• Flashcards are another active recall method. With tons of books and reference material to go through, it is not a shock that NEET candidates feel overwhelmed. They often also think that they cannot remember some parts that they went over. A way to put an end to this dilemma is flashcards. These cards check if the candidates can answer questions as well as they thought they could. Usually, previous years’ questions go on flashcards, but they can be used as cues to remember definitions, go over abbreviations and formulas. Active recall methods are criminally underrated, and NEET aspirants should pay special attention to them.
  • Another technique to look into is Spaced Repetition. This method utilizes dynamic review procedures and takes the data candidates to need to retain, rehashing it over expanding stretches. Frequently, pupils feel they don’t have the foggiest idea when to begin the update or how regularly to reexamine, and divided reiteration truly assists with this.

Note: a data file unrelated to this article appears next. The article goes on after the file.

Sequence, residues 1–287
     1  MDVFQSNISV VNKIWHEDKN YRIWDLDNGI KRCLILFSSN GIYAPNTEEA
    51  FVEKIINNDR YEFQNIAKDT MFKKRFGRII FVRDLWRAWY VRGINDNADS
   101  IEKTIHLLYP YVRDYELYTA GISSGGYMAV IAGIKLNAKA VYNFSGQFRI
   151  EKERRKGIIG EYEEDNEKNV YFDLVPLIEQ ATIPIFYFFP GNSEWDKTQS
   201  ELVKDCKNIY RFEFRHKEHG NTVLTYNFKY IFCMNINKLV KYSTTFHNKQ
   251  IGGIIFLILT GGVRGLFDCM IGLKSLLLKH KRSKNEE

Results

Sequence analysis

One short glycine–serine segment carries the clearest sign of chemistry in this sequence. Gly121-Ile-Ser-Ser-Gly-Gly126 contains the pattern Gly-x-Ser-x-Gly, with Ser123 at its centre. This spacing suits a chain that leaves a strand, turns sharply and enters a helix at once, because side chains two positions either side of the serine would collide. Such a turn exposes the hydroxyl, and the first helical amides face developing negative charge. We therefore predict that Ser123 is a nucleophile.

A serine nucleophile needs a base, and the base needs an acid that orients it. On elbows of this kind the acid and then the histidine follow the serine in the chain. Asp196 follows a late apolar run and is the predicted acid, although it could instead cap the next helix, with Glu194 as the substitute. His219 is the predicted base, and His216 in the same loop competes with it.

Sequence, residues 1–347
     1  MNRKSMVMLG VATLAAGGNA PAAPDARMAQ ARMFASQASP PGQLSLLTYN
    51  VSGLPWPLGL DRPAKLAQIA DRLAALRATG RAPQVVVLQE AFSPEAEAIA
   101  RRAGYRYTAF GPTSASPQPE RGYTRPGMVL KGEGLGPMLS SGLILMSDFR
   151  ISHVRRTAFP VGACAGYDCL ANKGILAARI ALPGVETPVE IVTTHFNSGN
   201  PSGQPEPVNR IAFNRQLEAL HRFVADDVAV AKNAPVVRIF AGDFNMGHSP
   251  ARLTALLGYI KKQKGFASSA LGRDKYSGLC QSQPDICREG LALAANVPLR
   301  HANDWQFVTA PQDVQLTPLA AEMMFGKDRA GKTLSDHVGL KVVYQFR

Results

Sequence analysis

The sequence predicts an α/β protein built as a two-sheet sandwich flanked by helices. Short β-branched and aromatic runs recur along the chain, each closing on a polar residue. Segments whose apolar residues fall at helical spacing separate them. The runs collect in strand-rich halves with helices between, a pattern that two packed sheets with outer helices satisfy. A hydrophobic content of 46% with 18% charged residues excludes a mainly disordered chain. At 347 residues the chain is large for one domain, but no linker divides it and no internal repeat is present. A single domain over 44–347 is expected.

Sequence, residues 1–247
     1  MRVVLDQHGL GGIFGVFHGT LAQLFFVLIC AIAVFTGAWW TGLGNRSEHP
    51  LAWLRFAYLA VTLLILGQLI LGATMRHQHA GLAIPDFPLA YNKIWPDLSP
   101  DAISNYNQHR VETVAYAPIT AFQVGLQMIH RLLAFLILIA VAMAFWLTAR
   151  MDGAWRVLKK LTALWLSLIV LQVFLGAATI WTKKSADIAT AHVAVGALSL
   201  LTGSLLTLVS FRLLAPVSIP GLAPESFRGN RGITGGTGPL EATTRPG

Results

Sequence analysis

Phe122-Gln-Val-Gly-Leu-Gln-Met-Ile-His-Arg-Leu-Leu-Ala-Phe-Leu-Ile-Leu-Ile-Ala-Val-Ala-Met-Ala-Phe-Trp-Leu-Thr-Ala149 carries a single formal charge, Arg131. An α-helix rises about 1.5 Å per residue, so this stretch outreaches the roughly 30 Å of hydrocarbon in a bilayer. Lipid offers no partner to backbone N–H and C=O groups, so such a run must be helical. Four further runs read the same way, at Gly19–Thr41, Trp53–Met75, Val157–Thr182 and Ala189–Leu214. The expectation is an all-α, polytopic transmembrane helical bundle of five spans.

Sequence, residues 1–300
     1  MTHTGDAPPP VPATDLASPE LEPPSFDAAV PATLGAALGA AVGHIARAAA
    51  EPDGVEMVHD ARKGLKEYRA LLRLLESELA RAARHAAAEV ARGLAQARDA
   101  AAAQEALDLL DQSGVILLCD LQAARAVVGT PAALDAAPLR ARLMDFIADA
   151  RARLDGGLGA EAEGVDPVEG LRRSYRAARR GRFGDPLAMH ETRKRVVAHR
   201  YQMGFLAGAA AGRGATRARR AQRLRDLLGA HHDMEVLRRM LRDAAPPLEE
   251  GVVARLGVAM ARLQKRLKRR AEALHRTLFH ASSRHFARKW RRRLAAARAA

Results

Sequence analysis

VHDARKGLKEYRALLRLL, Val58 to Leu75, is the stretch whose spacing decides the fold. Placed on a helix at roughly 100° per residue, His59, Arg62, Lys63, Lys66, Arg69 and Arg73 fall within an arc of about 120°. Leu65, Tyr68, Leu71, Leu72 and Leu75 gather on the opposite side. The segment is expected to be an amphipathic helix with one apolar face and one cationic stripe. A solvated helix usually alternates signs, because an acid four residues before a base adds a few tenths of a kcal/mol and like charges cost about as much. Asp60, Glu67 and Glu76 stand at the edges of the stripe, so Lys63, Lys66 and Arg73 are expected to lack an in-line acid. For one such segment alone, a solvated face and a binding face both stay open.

• Classic tricks need to merge with novel ones. Studying from relevant books is quite essential when preparing for exams. It will not be worthwhile to make notes from redundant and useless books or references. Practising old question papers and using NCERT books are also studying tips that are apt for NEET candidates. Classic tricks are known because they will always help out during exam prep. Hence, students should not miss out on them.

Conclusion 

Memory works very much like a muscle. The more candidates train it, the more grounded it gets. Similarly, the more they stay away from practising it, the harder it becomes to get back into it. Candidates need to slowly increment the weight on the barbell when doing a bicep curl. Doing so will help them eventually lift a heavier weight later. This process needs to happen in a routine too. The same colloquium applies to memory retention. Carrying the same metaphor ahead, candidates need to gradually expand data over the long run and rehash the ideas to remember them longer.

%d bloggers like this: